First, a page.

4. Minnesota Vikings at Tennessee Titans: This should be one of the more physical games of the day. The Titans have established themselves as one of the best defensive teams in football during their 3-0 start. Defensive linemen Albert Haynesworth and Kyle Vanden Bosch have been almost unstoppable. They spend as much time in the backfield as their opponent's fullback.For various reasons, both teams have gone to backup quarterbacks. Kerry Collins has been throwing the ball well now that he's replaced Vince Young. Because of Collins' strong play, Young will have to work as a backup once his knee heals. The Vikings' Gus Frerotte managed a 20-10 victory over the Panthers this past Sunday in his first start replacing Tarvaris Jackson. The fun part of this game will be watching how RB Adrian Peterson does against the Titans' defense. To help their run defense, Titans coach Jeff Fisher replaced middle linebacker Ryan Fowler with Stephen Tulloch.
5. Arizona Cardinals at N.Y. Jets: To counter years of road woes, the Cardinals stayed on the East Coast after their Week 3 loss to the Redskins. They spent the week in D.C. trying to bond as a team. It will be interesting to see if it works.The Jets had their own problems on the road in Week 3. Favre looked old and banged up against the Chargers on Monday night. He limps back to the Meadowlands knowing fans might turn on his new team if it gets off to a 1-3 start. This is a must-win game for the Jets.
6. San Francisco 49ers at New Orleans Saints: Normally, you would think this would be an easy game for the Saints. But nothing is easy for the Saints this year because of injuries, and coach Sean Payton has to worry about an upset. He already knows he goes into this game without three offensive starters -- wide receiver Marques Colston, tight end Jeremy Shockey and guard Jamar Nesbit -- and he has 13 players on the injury list.Reggie Bush has gotten off to a decent start, but the burden of the offense is falling more on him and Drew Brees because of the injuries. With a defense that is giving up 27.7 points a game, the Saints know they have to outscore teams. The 49ers enter with a surprising offense run by J.T. O'Sullivan, a former Saints castoff.
7. Houston Texans at Jacksonville Jaguars: The Jaguars pulled off a great victory in the final seconds against the Colts this past Sunday. Now, if they take care of business against the division-rival Texans, they can get back into the AFC South race. The Texans, who are 0-2, have to put aside the distraction of Hurricane Ike and must get something going quickly or their season will be over early. Because of Ike, they have started the season with three road games. Quarterback Matt Schaub had a bad game against the Titans in Week 3, and some think he might be fighting to keep his starting job. League-wide, though, division games have been strange this season. In division games in normal years, the home team usually rules. This year, the home team is only 11-10. The Jaguars have to be cautious.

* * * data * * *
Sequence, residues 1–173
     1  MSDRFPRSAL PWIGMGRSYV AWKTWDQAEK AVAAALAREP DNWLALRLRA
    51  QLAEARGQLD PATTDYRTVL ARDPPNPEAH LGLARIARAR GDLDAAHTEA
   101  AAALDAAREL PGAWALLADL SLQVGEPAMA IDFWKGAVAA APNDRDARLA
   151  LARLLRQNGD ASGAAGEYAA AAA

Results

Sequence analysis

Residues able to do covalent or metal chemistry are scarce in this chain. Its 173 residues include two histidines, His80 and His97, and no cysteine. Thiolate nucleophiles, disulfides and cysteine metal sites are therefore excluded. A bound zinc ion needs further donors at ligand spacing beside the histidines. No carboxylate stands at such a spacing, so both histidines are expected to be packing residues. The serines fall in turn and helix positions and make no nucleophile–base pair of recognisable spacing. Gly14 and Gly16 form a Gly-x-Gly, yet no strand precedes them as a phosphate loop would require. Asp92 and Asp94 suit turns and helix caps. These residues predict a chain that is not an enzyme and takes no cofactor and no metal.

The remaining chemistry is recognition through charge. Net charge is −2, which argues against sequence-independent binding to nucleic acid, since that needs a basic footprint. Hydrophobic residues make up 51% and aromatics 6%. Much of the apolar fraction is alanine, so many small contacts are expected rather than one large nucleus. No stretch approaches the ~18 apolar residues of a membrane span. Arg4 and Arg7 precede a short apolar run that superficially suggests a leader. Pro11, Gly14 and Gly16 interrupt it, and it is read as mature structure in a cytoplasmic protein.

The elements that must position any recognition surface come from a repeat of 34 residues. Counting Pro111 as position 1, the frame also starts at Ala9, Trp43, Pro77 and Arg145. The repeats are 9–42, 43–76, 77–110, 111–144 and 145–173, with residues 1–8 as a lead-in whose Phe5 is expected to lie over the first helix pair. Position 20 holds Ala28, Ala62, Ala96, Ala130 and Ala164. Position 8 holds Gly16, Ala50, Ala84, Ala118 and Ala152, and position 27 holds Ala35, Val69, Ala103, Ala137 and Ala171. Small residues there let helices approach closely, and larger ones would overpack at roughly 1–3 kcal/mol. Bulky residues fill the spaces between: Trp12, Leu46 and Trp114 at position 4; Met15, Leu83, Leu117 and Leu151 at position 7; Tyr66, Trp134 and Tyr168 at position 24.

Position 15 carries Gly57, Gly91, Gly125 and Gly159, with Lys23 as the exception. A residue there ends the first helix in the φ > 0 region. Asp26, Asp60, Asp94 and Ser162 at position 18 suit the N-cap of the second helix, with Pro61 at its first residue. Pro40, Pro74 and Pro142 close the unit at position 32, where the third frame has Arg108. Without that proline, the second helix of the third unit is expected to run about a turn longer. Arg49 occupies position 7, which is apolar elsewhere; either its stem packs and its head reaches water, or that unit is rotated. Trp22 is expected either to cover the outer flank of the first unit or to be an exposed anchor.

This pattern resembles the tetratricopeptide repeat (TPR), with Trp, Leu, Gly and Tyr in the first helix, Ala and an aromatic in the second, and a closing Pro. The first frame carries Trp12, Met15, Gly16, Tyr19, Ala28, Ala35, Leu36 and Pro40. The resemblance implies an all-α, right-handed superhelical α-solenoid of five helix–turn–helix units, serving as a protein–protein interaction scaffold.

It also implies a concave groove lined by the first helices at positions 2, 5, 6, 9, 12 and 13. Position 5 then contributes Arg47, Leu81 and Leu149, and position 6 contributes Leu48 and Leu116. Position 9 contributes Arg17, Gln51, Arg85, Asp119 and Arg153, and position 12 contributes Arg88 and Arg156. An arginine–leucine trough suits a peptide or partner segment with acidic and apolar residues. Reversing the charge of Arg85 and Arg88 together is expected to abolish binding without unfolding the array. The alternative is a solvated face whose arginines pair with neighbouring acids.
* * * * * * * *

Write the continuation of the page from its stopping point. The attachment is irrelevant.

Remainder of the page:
8. San Diego Chargers at Oakland Raiders: The only intrigue in this game is the ongoing drama involving Raiders coach Lane Kiffin. The fact that he's still coaching despite rumors of Al Davis' planning to fire him is amazing. Team officials are feuding with reporters and columnists. Despite the distractions, Kiffin has kept the team playing well during its 1-2 start. This game could be ugly, though. LaDainian Tomlinson usually plays his best football against the Raiders. During his career, he has averaged 122 yards and a rushing touchdown a game against them. With defensive tackle Gerard Warren expected to miss the game because of a pectoral injury, the Raiders have only two legitimate defensive tackles, and they might wear down if the Chargers' offense is on the field too long. The Raiders have a bye week after the game, but the rumors will keep circling that it could be a bye-bye week for Kiffin.
9. Buffalo Bills at St. Louis Rams: Scott Linehan has to worry he also might be a bye-week casualty if the Rams lose and start 0-4. They have been outscored on average by 29 points a game. At least Linehan is going down swinging. He benched starting quarterback Marc Bulger (who was sacked 11 times during the first three weeks) and as many as five starters on defense to get a spark. Trent Green takes over to run Al Saunders' offense. The Bills are 3-0 and playing with confidence. It was a huge lift for the Bills' offense to come off a shaky first-half performance and beat the Raiders with a frantic fourth-quarter rally this past Sunday.
10. Atlanta Falcons at Carolina Panthers: Once again, it's reality-check time for the Falcons and quarterback Matt Ryan. They proved they can win a certain type of game. Against the Lions and the Chiefs, two of the worst teams in the league, Ryan needed only a few completions to win. The Falcons' formula against bad teams is to run the ball with Michael Turner and let Ryan hit a few passes. It won't be that easy against the Panthers, and the Falcons know that.
John Clayton, a member of the Pro Football Hall of Fame writers' wing, is a senior writer for ESPN.com.